Pittsburgh's Platinum Gypsies

I need to touch on a host of tidbits today, so I'll keep the posts brief and to the point...

Korn/Ferry International wants to help The Mobile of Australia, referred to as "Platinum Gypsies" in the article:

With growing economic liberalisation, removal of cross-border restrictions, more affordable international transport and advanced communications technologies, the world’s workforce is becoming increasingly dynamic and mobile, with “free agents” taking advantage of the borderless nature of the workplace to design global careers. Coined “platinum gypsies” by Clotaire Rapaille, cultural anthropologist and author of The Culture Code, a breed of professionals is emerging creating a new paradigm for career development and advancement. These individuals, armed with their platinum credit cards, move from one continent or country to the next, developing themselves personally and professionally along the way while eventually losing any allegiance to one particular “home” or location. Similarly, they do not rely on any one organisation to provide them new career challenges or opportunities.

Australia is framed as a landscape of opportunity for the Platinum Gypsies, who could return home with valuable experience and skills that may not find full expression in the talent-saturated markets abroad. Of course, I think Pittsburgh (and other demographic losers) could benefit in a similar fashion.

Sunday, March 18, 2007

Mobility Paradox

A recent Richard Florida blog post piqued my interest. Florida describes a demographic dichotomy: The Mobile and The Stuck. The gist is that class mobility and geographic mobility are positively correlated. I've characterized this phenomenon as the "move to improve" or the "mobility imperative." Staying put can doom you to a life of poverty:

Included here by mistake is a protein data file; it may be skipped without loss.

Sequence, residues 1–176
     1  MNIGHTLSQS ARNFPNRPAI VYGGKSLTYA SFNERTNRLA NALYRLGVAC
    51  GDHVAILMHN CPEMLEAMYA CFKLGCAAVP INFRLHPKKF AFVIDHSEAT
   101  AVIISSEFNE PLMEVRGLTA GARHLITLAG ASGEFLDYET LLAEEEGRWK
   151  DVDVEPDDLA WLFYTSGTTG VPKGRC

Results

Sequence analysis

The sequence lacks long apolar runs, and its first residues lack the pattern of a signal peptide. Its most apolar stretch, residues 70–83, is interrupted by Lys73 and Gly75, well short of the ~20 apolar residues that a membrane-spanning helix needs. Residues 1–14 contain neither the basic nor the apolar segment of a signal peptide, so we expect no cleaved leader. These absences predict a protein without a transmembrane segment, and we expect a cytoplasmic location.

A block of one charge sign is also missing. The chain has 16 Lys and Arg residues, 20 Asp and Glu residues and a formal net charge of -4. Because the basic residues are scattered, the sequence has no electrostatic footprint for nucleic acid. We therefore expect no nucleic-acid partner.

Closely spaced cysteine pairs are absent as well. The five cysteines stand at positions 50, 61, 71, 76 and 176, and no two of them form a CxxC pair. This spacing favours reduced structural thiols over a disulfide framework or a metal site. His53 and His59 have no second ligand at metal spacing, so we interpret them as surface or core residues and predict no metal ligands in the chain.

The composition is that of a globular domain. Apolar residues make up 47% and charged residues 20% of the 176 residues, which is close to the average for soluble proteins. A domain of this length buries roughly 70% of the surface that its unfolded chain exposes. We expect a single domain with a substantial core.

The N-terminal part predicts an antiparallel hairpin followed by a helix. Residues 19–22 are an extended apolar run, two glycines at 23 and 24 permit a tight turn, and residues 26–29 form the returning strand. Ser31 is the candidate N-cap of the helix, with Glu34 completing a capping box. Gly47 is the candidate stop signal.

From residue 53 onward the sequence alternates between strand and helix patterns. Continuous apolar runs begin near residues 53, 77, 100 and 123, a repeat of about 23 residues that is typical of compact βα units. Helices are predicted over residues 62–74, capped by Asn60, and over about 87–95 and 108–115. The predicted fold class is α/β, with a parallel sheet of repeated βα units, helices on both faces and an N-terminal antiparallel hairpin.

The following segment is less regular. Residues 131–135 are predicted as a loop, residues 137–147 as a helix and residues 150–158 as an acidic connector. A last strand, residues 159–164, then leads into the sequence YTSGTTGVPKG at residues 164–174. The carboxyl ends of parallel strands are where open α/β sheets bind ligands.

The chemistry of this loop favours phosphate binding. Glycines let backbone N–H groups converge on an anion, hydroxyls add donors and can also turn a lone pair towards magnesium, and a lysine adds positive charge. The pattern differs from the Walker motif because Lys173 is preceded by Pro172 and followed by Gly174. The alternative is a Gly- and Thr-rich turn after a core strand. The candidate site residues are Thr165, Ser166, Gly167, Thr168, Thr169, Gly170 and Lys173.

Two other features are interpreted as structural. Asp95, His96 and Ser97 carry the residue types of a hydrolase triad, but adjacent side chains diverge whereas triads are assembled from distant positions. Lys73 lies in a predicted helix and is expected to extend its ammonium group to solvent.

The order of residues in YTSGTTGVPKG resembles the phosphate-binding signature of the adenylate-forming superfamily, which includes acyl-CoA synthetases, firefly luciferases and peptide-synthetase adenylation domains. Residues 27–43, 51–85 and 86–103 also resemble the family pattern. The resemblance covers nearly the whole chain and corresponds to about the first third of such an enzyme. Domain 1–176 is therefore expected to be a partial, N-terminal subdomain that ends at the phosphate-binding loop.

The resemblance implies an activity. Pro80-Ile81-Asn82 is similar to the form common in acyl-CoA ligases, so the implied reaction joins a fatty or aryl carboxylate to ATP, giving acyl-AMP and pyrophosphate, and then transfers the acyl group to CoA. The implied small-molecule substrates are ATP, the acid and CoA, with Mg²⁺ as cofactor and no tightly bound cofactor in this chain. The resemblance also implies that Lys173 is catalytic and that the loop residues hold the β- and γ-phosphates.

Many more people - if things continue as they are - will have to join the ranks of the mobile if they want to prosper or even survive.

As far as I can tell, Florida's solution is an attempt to stem the tide of brain drain. Give talent a reason to stay. Better yet, transform your region into a magnet of creativity. I suggest helping The Stuck become The Mobile. I also recommend serving Mobile interests, instead of catering to The Stuck.

Thus, I have a paradox: If a region encourages mobility, how might it benefit from its investment? What I observe is that places such as "Detroit, Buffalo, or Pittsburgh" suffer from poor demographic churn. Relative to other regions, few people are actually leaving. The deep attachment to place discourages out-migration. The resulting landscape is increasingly parochial, building a barrier to in-migration.

When this happens, the best thing you could do for your citizens is to encourage them to move to improve. Concurrently, the region in question should foster links for these nomads back to home. I figure that these Parochial Argonauts retain an abnormal connection to the place where they grew up.